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Archive for July, 2016

Tensions in organisational learning approaches

Monday, July 4th, 2016

In a recent post, Clark Quinn (@Quinnovator) enumerates some of the tensions in organizational learning engineering:


Organizational learning processes – across L&D, Executive Development, Leadership Development, and more of the roles in HR and talent management – are largely still rooted in both industrial era models and myths. We see practices that don’t make sense, and we’re not aligned with what we now know about how we think, work, and learn. And this is a problem for organizational success. So what are some of the old practices compared with what we now know? No surprise, I created a diagram (a table in this case) representing just some of the tensions:

Old New
Are we not wasting any more money than anyone else? Are we impacting business metrics?
All the information has to be in the head As much as possible, information has to be in the world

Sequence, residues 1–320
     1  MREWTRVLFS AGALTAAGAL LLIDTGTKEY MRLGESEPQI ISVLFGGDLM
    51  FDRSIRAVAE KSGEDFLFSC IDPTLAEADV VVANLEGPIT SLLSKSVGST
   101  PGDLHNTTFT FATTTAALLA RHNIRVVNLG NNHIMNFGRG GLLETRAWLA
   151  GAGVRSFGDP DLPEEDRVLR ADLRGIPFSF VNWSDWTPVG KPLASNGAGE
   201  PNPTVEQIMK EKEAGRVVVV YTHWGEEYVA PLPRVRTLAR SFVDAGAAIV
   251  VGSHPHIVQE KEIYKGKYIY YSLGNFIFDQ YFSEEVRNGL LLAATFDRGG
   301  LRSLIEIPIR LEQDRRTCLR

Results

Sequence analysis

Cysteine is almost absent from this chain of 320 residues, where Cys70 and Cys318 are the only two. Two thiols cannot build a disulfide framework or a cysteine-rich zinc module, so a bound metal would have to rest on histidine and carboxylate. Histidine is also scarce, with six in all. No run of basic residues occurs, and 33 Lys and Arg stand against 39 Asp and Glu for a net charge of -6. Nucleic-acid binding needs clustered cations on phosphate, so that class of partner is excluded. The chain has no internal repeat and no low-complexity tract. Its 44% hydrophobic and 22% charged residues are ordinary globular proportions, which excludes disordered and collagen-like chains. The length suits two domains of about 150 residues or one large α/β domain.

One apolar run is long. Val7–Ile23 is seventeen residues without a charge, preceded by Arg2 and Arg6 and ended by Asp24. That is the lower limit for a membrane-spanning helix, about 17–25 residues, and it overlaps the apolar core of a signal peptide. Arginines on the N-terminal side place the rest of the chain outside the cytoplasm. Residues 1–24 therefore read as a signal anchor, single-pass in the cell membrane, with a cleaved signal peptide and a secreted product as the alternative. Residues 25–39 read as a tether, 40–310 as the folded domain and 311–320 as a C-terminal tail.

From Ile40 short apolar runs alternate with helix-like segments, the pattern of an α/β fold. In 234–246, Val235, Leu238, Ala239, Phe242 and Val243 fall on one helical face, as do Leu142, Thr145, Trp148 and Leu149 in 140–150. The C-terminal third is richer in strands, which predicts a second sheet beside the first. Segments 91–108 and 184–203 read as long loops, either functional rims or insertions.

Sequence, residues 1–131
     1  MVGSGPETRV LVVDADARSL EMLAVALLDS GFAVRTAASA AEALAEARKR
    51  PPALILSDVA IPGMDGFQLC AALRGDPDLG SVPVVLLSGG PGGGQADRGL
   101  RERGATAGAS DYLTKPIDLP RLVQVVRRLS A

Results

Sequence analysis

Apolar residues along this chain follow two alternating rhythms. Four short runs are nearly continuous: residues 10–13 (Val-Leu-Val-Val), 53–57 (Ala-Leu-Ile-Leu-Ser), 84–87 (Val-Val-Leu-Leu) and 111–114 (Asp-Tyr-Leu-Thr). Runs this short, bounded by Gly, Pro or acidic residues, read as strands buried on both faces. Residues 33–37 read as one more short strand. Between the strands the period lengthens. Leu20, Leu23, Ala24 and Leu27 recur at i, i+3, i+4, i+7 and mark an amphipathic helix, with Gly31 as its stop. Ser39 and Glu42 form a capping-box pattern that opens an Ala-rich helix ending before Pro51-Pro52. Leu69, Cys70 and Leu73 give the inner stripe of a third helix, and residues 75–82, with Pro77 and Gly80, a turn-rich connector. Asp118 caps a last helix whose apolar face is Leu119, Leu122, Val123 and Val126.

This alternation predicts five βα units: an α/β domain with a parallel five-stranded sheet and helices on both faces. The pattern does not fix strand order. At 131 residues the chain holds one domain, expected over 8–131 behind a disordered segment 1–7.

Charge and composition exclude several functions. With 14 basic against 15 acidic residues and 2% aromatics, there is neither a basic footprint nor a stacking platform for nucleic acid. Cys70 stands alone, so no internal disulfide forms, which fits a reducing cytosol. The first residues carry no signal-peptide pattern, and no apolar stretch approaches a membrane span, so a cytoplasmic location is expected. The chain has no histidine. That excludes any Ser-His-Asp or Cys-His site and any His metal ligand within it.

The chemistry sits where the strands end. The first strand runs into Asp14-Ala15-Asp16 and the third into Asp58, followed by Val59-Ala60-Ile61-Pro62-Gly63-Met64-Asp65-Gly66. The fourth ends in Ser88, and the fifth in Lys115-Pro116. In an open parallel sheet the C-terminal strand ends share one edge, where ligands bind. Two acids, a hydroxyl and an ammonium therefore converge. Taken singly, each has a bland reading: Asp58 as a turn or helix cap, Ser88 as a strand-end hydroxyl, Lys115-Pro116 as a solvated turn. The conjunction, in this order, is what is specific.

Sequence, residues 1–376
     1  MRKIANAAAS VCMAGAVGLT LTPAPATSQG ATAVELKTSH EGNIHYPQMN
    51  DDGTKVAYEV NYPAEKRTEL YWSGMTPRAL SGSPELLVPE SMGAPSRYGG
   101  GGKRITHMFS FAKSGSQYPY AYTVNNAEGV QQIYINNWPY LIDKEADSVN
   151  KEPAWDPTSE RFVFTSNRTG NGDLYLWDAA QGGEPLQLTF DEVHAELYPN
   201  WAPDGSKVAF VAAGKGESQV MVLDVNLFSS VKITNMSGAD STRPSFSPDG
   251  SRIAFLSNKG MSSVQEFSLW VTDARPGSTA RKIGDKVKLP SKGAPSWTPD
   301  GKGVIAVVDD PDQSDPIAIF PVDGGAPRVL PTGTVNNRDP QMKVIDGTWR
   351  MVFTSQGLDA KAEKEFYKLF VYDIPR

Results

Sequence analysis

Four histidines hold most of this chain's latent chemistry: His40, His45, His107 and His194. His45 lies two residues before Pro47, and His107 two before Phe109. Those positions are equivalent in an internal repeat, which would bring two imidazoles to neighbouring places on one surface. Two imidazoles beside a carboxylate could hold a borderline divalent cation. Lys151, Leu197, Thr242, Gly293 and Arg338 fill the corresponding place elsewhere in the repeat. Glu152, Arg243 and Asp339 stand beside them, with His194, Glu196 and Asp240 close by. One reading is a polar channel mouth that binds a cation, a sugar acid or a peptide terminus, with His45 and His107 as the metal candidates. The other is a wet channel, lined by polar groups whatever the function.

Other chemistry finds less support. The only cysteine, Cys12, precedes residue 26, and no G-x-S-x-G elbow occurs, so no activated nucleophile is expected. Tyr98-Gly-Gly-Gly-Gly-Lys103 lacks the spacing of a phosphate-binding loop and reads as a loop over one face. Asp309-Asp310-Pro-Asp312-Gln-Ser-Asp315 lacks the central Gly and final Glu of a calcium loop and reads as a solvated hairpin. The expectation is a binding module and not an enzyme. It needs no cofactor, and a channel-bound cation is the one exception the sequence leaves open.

We are formal logical thinkers Our thinking is very much situated and emergent
One person must do the thinking for many The room is smarter than the smartest person in the room*
Learning is recitation Learning is doing
Learning is an event Learning is a process
We must accommodate learning styles, generations, and more Use the best learning design
We can get people to perform tasks flawlessly Automate the rote and leave people to important decisions
Mistakes are a loss Mistakes are part of innovation, just don’t lose the lesson
The workplace must be controlled Workers must be empowered

* if you manage the process right


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